Toronto real estate market sees January uptick as challenges persist

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Last month, the Toronto real estate market apparently decided to give the illusion of a comeback, with sales seeing an uptick compared to the ghost town vibe of January 2023.

I expect this theme to continue for much of 2024. Given that 2023 was a record-low year, every month in 2024 will likely look like a big improvement on a year-over-year basis.

The real estate industry will certainly grab hold of these year-over-year data points for a bullish narrative, but looking at the monthly context to establish a trend is also important.


The monthly context


Most notably, prices fell from December into January, which very rarely happens. According to GTA realtor Vassil Staykov on X, this has only happened two other times in the last 16 years (2009 and 2019). His analysis shows that we typically start the year with an increase in median price of about 2 per cent. 

Let’s establish two key facts for context when looking at the key trends ahead:

  1. December was relatively strong and saw a very atypical jump from November in price and sales volume.
  1. 2023 was a very weak year for price growth and sales volume, touching a 23-year record low number of sales.

When we look at the annual context, things will likely look good all year. But what has happened since last month? Let’s take a look.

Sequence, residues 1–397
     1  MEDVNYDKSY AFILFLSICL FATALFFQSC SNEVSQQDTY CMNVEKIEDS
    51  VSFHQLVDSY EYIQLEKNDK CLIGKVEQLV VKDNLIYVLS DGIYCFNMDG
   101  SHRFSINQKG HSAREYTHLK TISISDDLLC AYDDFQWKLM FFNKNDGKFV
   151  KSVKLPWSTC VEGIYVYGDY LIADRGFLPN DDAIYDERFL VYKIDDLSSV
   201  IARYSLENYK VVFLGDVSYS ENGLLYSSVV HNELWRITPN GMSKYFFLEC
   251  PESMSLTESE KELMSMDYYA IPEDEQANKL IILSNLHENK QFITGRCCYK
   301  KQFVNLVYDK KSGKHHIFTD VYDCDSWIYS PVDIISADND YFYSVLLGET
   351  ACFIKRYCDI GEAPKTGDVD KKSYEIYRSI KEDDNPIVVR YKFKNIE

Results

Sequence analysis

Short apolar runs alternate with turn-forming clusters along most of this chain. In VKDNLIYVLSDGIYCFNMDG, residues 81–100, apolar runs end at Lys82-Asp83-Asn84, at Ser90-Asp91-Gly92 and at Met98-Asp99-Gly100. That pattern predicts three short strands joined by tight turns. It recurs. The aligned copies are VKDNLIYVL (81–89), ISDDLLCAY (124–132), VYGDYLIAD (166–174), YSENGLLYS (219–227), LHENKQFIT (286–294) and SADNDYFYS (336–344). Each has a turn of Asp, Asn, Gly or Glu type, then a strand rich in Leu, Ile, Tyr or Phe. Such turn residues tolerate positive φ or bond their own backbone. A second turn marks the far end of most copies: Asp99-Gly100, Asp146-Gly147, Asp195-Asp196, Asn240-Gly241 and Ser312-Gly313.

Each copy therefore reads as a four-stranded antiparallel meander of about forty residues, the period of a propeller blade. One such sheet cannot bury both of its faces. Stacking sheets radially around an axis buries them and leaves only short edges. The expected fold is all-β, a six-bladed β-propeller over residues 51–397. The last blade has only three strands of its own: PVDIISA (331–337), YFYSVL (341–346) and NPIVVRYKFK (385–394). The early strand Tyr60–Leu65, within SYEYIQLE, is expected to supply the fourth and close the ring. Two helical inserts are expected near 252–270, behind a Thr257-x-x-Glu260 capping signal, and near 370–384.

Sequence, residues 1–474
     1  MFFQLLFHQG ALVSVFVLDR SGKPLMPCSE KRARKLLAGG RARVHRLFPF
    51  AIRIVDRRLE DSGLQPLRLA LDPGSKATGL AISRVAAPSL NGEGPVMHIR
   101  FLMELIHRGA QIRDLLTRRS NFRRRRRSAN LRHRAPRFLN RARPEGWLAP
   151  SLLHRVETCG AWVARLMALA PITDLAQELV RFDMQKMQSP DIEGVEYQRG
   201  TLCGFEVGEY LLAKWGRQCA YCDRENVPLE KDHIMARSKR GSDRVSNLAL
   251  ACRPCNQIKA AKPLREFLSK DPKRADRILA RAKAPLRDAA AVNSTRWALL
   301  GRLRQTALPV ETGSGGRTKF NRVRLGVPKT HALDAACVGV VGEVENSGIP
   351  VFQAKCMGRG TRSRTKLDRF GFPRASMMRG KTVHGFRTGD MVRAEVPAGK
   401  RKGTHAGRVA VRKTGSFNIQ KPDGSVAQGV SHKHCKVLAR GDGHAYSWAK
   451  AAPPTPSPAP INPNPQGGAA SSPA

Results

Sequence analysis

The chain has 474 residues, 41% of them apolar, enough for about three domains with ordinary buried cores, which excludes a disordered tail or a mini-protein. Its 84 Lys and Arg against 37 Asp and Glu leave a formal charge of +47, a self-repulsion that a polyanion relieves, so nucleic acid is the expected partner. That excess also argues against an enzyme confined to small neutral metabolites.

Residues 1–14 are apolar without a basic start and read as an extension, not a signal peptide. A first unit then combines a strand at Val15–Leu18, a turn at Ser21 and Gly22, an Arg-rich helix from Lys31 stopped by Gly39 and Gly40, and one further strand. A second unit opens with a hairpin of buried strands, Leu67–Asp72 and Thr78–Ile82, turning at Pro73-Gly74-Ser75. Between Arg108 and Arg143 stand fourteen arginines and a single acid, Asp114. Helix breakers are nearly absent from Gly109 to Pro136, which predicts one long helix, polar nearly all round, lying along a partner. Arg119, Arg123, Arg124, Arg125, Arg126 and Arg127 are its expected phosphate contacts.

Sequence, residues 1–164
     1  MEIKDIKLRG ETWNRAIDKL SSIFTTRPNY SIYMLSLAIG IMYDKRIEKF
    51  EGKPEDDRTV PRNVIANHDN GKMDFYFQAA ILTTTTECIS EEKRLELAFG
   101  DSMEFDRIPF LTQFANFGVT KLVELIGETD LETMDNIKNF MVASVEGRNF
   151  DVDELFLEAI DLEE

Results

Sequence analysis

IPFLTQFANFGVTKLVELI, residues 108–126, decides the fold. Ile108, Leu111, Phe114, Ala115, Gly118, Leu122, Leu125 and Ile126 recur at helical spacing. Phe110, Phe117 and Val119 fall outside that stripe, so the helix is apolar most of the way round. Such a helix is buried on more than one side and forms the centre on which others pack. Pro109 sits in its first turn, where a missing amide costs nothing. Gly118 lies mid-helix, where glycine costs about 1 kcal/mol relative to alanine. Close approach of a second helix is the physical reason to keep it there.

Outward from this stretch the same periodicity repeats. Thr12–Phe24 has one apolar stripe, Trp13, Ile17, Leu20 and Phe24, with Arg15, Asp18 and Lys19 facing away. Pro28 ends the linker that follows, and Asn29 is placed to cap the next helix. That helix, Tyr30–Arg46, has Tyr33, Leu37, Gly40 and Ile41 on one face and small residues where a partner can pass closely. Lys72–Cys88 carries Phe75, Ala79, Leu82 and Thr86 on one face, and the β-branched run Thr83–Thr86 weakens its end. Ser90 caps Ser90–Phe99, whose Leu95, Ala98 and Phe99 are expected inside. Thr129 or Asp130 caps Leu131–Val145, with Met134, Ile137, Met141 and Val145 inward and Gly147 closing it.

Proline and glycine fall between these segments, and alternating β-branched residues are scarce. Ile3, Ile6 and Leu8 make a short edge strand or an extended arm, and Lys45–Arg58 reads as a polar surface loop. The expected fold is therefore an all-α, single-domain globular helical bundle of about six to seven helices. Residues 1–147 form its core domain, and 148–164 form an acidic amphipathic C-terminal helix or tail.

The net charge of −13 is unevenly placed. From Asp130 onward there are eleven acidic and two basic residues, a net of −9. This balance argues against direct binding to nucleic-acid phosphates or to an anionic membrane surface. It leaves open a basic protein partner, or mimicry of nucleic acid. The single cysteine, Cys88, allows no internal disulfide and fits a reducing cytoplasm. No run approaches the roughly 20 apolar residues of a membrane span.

New listings


New listings jumped up from December to January. This is a common trend, given that many listings are set to expire on December 31 and are often re-listed in January.

The January listing increase is slightly larger than last year:





The number of sales increased about 10-16 per cent across the GTA, which is typical from December to January:



Sales-to-listings ratio


Sales to new listings decreased after a big jump up was observed in December. The market showed signs of returning to a sellers’ market toward the end of the year, but supply outpaced demand a bit to begin 2024, so we’re back in balanced market territory.

This excess supply could be a result of re-lists, so we’ll have to wait until the spring market is in full swing to understand market balance:



Days on market (DOM)


DOM continues its uptrend, with listings spending more time on the market than they have in the last three years. Should this trend continue, it could project a spring market that’s balanced or turning in favour of buyers, as new listings could begin to pile up against a slower absorption period.

This seems to be in line with the more cautious buyer who is apparently re-entering the market from the sidelines after a volatile few years in GTA real estate: 





Average prices fell from December to January in all GTA markets except for Durham, while median prices fell in Toronto, Halton and York from last month, and rose in Durham and Peel:



Sale-to-list price ratio


The sale-to-list price ratio tightened into the 98-99 per cent range from 95-98 per cent in December.

This is in line with industry anecdotes that say we’re seeing an increase in multiple offers, but not a meaningful increase in bids over asking price:



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